North Pole: Polar bears could be history by the next century Shrinking ice and polar bears are tough on expeditions but rougher even on the polar bears. With less time to hunt, weight for both male and female polar bears is declining and female bears are having fewer cubs. In addition, male bears are starting to kill the smaller female bears and cubs for food. Environmentalists say the polar bears may be gone before the end of the century. A NASA study found a 2.9% decline in total Arctic sea ice extent over the last decade. However, significant bear population decline has not yet begun.

Marc Cornelissen: The new polar sled maker There are no second chances in unsupported polar expeditions. You make it with what you've got or you bust. The most crucial parts being the skis and the sleds: If they break they are very hard to fix or replace. In the last two years, an increasing number of expeditions have been buying their pulks from Marc Cornelissen. While the sleds have yet to be tested in unsupported Arctic treks, they seem to be doing well on Antarctica's smoother ice. Check the ExWeb report.

Sheperd Ocean Fours: Dense fog keeps crews at bay With weather conditions slightly better but visibility down to less than 100 meters, the crews of the Ocean Fours Race are gradually making their way in dense fog across the Northern Atlantic. The mist is also making it tough for the Race support vessel to pinpoint the exact location of each crew. And because thick fog tends to interrupt sat phone activity, the support vessel has had to plot their projected positions based on each teams speed and course. To make matters worse, Team Hescos Argos beacon was sending false coded messages to Race HQ, forcing organizers to deliver a replacement on Sunday. The Americans of James Robert Hanssen are still in first place with a lead of about 153 miles over British Army teams Yorkshire Warrior and Team Hesco who are tied for second place.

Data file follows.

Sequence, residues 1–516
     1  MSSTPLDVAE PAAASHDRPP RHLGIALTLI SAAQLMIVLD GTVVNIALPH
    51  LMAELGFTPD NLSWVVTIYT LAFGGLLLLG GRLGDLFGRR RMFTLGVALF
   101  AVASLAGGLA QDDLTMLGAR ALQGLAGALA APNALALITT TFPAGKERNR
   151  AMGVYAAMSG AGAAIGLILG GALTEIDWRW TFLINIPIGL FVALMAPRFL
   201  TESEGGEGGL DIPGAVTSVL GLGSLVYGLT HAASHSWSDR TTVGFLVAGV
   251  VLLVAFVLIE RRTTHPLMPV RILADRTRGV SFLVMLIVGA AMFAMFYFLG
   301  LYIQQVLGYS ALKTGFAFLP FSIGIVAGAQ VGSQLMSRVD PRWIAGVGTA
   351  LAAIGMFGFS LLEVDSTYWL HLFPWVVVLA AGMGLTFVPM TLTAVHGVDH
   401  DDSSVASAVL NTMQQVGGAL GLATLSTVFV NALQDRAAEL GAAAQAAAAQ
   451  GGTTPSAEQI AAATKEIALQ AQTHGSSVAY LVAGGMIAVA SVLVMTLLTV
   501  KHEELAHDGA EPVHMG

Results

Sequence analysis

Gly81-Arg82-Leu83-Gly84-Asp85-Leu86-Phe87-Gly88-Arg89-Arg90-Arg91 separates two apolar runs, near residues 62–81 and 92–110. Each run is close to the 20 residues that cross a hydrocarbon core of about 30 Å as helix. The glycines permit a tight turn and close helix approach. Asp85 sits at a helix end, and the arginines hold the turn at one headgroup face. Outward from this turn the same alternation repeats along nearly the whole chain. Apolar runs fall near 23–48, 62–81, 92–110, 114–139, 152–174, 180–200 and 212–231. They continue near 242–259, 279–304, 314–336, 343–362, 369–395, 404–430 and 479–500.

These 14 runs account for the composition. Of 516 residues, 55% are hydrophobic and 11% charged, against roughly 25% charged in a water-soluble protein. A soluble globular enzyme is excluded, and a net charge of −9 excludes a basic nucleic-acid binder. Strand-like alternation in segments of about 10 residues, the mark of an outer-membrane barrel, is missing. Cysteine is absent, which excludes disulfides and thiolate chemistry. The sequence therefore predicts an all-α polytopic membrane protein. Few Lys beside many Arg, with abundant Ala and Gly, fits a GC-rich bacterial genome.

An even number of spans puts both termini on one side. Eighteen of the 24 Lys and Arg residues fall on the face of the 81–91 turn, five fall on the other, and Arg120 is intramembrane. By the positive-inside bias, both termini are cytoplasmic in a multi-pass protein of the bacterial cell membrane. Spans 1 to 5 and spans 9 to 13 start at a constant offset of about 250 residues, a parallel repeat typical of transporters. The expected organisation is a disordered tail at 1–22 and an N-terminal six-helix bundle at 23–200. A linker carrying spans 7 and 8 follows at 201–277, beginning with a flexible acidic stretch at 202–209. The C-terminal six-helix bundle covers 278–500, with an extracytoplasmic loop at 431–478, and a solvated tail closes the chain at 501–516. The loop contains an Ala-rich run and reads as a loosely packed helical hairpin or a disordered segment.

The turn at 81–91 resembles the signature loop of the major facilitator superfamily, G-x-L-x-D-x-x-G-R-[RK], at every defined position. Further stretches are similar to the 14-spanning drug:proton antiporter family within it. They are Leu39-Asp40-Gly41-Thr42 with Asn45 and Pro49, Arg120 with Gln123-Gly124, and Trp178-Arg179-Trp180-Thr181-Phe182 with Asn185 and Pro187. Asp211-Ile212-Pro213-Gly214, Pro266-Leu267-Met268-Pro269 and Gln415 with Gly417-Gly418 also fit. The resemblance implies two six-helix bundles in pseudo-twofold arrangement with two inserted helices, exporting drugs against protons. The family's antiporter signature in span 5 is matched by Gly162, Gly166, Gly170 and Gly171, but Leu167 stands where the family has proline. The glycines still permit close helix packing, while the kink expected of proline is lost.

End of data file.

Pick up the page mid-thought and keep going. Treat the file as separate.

Lack of wind weighs down Anne's solo kite crossing Still not enough wind to spread my wings, says Anne Quéméré. The wait in this thick mist is beginning to weigh on me. Since the launch on June 18th, Anne has spent 2/3rds of her time waiting for the wind. When I told you that patience was the key word of this trip, I never thought it would go to this extreme, she says. The one recurring thought I have is strength is not measured by muscle or the amount of weight we can lift strength is being able to bear hardship without breaking. The way things are looking, I may have to repeat that more than once, Anne dispatched.